Santa Clara County Faces Shortage of Contact Tracers

Santa Clara County says it's in dire need of more people to volunteer to work as contact tracers as the county begins to lift its shelter-in-place order.

County officials announced last week that they wanted 1,000 unpaid volunteers to help track people who may have been exposed to COVID-19. But only 50 people have currently signed up, according to County Executive Dr. Jeffrey Smith. That's in addition to county staff who have been redeployed as tracers.

At a press conference Wednesday, Supervisor Cindy Chavez said that's enough contact tracers for the average 15 to 30 people who test positive for coronavirus in the county every day. But as health orders are relaxed and people begin to socialize, officials are looking to fill another 800 positions by mid-July.

Smith said contact tracers will not have to come into direct contact with potential patients; they can communicate by phone and over the internet.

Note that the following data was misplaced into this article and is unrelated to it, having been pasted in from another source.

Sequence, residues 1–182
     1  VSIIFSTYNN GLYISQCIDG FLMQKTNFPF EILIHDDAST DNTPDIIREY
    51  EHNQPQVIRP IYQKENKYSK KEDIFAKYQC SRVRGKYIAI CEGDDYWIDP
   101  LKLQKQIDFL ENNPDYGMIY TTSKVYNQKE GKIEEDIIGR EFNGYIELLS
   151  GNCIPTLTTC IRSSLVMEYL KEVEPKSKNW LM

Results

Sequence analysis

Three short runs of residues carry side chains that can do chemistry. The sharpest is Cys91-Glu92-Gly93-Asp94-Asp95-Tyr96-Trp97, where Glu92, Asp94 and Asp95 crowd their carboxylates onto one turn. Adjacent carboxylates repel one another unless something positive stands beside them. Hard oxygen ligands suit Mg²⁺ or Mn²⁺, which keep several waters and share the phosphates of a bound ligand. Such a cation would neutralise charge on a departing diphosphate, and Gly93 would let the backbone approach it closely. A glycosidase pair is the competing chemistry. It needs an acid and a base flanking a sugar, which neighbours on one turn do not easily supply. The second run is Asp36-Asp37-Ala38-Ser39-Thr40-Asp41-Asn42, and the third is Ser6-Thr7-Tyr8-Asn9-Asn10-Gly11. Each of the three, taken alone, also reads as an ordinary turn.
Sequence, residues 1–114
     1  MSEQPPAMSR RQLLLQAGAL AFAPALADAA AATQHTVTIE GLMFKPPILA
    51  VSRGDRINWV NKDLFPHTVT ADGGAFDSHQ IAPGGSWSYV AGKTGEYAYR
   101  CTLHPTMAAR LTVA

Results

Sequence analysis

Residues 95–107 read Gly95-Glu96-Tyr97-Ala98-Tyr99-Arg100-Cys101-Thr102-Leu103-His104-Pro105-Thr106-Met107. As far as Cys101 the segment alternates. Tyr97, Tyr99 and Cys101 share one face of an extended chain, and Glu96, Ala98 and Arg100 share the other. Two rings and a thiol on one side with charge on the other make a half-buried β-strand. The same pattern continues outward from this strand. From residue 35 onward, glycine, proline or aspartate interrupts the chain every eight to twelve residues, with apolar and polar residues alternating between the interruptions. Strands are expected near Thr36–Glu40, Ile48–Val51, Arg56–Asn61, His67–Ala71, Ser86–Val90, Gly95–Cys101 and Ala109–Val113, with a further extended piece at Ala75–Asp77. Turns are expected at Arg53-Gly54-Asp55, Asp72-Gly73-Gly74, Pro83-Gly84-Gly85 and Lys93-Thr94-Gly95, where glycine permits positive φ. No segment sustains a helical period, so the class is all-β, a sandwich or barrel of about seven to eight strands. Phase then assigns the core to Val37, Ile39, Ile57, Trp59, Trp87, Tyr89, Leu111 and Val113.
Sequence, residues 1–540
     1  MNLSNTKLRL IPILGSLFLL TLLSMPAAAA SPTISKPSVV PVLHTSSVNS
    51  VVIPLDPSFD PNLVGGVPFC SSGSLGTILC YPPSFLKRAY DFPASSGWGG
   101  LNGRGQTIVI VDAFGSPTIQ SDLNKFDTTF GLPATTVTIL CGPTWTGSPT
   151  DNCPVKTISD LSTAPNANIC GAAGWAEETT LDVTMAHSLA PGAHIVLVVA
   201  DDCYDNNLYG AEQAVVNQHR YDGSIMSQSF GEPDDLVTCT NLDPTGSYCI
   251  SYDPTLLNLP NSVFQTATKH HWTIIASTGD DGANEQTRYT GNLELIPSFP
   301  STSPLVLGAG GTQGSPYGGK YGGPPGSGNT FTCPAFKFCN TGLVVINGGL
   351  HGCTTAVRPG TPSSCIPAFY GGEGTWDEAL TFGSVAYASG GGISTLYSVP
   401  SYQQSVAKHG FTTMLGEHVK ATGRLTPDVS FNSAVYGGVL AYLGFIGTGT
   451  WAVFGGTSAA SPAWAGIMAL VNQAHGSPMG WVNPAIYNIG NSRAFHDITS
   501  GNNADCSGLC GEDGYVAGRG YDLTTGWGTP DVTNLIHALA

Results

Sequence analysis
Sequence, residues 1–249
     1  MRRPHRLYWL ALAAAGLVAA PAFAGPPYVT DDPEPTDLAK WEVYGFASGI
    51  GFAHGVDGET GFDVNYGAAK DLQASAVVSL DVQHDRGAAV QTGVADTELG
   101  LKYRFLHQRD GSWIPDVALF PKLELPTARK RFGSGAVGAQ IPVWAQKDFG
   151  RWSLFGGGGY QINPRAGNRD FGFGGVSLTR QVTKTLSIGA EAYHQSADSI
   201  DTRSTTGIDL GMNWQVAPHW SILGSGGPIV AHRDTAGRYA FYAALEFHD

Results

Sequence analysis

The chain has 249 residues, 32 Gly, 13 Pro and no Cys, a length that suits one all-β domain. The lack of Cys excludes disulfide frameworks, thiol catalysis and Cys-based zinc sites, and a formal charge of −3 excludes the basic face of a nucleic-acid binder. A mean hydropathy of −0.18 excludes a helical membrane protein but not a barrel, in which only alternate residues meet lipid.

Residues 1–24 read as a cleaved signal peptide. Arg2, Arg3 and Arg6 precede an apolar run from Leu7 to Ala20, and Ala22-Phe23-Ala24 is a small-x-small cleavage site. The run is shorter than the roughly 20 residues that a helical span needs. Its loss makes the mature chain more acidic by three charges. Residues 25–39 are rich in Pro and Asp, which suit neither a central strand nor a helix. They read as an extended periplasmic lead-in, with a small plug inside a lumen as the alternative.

Volunteer here.

— Shannon Lin

California Plans to Release 8,000 People in State Prisons by August

Roughly 8,000 people incarcerated in state prisons in California could be eligible for early release by the end of August, the California Department of Corrections and Rehabilitation announced Friday.

The decision comes amid a devastating COVID-19 outbreak at San Quentin State Prison and other facilities, with Gov. Gavin Newsom facing mounting pressure from advocates, lawmakers and federal judges to quickly reduce the prison population to enable physical distancing and quarantine efforts. The move would be in addition to the 10,000 incarcerated people who have already been released from California prisons since the start of the pandemic, according to CDCR.

"These actions are taken to provide for the health and safety of the incarcerated population and staff," CDCR Secretary Ralph Diaz said in a statement. “We aim to implement these decompression measures in a way that aligns both public health and public safety."